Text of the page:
Fiat 500 Special Editions Bring Italian Flair to America, Executive Says

Fiat chief Olivier Francois says “mistakes were done” when Fiat was last sold in the U.S., but doesn’t think that will affect the brand’s performance.

Byron Pope, Associate Editor

November 22, 2011

3 Min Read
Fiat 500 Special Editions Bring Italian Flair to America, Executive Says


LOS ANGELES – Fiat chief Olivier Francois says the performance-oriented Fiat 500 Abarth combines with the Gucci edition of the car to provide the one-two punch needed to introduce the Italian auto maker to the American public.

“Italy is perceived in America as doing two things – fashion and performance,” he tells WardsAuto at the auto show here. “Gucci is a statement that we can have a small car that’s the best of Italy.

And Abarth is Italian performance, and that will help us with our statement.”

The Abarth is powered by a turbocharged application of Fiat’s 1.4L FIRE I-4 with MultiAir valve actuation that produces 160 hp and 170 lb.-ft (230 Nm) of torque.

The Gucci-inspired 500 features cues derived from the famous Italian design house, including its double-G logo on the hubcaps and on the head restraints.

The Abarth is due in dealerships in the first quarter of 2012, while the Gucci version arrives in December, Francois says.

The Gucci model will be priced at about $24,000 and the Abarth “should be more or less in the same area,” he says. “It will be a good value for the money.”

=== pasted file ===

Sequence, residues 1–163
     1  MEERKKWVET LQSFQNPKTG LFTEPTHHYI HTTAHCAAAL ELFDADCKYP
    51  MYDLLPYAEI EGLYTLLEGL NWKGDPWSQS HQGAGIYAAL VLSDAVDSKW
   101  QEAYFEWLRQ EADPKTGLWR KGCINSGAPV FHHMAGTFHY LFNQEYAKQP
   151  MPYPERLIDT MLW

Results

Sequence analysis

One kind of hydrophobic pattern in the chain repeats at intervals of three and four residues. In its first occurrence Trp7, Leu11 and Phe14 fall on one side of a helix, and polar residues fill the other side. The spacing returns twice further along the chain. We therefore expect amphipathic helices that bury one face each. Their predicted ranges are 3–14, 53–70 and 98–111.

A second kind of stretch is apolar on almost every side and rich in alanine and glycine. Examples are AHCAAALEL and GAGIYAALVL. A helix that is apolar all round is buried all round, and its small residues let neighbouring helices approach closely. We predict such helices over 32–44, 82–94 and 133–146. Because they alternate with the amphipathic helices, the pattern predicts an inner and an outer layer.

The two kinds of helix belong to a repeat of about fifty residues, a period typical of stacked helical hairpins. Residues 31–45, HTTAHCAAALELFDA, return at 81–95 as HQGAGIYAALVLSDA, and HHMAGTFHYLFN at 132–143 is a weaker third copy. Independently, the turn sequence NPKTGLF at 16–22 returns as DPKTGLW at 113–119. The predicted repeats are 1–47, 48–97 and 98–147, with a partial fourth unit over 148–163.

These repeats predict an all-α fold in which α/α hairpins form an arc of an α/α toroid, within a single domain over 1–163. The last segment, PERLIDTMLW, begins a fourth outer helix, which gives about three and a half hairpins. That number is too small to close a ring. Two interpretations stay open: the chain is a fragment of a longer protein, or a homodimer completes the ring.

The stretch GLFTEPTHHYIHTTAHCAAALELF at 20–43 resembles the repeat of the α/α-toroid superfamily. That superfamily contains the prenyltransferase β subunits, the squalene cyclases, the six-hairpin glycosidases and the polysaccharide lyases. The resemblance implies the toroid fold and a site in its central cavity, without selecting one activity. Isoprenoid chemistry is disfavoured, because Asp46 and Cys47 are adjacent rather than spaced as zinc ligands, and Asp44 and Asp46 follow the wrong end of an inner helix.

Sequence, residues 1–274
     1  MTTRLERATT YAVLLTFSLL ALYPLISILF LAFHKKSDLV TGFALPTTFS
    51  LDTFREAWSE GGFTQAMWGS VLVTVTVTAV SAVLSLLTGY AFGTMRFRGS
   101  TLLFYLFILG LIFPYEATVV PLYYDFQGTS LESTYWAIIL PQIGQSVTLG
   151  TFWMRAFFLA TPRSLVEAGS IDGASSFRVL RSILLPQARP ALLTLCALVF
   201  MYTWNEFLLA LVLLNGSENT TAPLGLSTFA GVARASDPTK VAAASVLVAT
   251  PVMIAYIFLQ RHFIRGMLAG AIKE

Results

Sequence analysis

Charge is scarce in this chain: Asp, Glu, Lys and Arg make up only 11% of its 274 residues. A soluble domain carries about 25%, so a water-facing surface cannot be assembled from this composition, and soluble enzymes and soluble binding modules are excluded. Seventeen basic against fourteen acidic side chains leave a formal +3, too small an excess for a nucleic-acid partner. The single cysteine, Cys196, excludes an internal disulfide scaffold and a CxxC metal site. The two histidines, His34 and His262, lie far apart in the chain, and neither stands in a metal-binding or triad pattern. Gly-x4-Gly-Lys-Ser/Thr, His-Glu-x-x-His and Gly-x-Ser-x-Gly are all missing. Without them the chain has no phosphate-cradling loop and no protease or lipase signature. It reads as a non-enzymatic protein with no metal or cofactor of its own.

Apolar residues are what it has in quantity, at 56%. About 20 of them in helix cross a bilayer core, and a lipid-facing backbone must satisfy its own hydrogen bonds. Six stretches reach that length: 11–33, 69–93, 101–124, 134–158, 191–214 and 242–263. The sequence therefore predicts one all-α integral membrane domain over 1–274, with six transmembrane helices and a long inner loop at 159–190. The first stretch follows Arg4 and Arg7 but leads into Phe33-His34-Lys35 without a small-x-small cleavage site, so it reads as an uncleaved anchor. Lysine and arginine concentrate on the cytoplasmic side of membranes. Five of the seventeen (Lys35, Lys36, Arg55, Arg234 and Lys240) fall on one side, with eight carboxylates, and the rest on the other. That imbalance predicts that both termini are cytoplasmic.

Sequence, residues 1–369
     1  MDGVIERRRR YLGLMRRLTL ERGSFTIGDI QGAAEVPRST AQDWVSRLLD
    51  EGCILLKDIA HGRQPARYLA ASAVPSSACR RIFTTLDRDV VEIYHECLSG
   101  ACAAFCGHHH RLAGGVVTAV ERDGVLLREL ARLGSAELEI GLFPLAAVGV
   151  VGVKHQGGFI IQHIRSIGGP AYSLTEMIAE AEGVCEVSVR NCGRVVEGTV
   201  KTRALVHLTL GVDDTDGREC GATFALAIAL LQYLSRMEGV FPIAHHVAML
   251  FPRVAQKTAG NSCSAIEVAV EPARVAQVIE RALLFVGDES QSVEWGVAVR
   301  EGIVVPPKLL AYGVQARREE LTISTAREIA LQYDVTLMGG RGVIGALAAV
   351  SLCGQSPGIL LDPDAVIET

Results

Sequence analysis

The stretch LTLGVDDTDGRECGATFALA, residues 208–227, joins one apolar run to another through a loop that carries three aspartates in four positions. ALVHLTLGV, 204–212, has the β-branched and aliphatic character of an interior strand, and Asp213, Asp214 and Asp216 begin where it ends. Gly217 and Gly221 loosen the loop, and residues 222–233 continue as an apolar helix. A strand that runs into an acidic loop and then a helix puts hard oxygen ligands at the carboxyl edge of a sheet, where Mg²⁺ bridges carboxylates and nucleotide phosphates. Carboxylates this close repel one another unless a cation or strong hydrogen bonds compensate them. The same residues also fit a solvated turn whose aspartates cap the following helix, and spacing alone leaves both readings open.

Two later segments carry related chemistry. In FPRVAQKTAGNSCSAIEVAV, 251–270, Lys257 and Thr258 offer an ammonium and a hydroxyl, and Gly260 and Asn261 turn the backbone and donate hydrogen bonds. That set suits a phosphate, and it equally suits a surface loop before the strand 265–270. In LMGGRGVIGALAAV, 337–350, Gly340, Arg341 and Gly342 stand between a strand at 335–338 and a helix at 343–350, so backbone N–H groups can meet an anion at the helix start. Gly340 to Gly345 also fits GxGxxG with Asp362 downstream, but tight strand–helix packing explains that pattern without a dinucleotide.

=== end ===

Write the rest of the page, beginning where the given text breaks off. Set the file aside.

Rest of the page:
Francois admits “mistakes were done” leading to Fiat’s 1983 retreat from the U.S. market. But he doesn’t think this will affect the brand’s return.

Fiat 500 Abarth highlights Italian performance.

Deliveries of the 500, which has been on sale in the U.S. since April, have been lackluster, totaling 15,826 units through October, according to WardsAuto data.

One reason for the slow sales pace is too few dealers, a situation that is on its way to being remedied, the auto maker says.

“When we started advertising in September, we didn’t have the right number of dealers,” Francois says. “Now we have 130 dealers, which is the number we wanted, and we’re still getting additions to that.”

Also among the remedies is the replacement of Laura Soave, Fiat’s top North American executive. She was replaced this week by longtime Chrysler executive Timothy Kuniskis.

While not revealing volume expectations, he does admit the A-segment in which the Fiat 500 resides is niche.

The next Fiat model to be introduced in the U.S. likely will play in a volume segment.

“We need to expand volume and feed dealers with something that can really sell,” Francois says, noting the 500 was chosen as the U.S. launch vehicle because of its iconic stature that helps define what the brand stands for. “We’re never going to go into real big cars or SUVs.”

Also helping build awareness of the brand in the U.S. is singer and actress Jennifer Lopez, who appears in a multi-faceted advertising campaign.

Francois says Lopez already has made an impact, noting the auto maker has seen an 86% increase in visits to its website and a 500% increase in visitors to its YouTube page.

“Our communication is starting to resonate,” he says.

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About the Author(s)

Byron Pope

Associate Editor, WardsAuto

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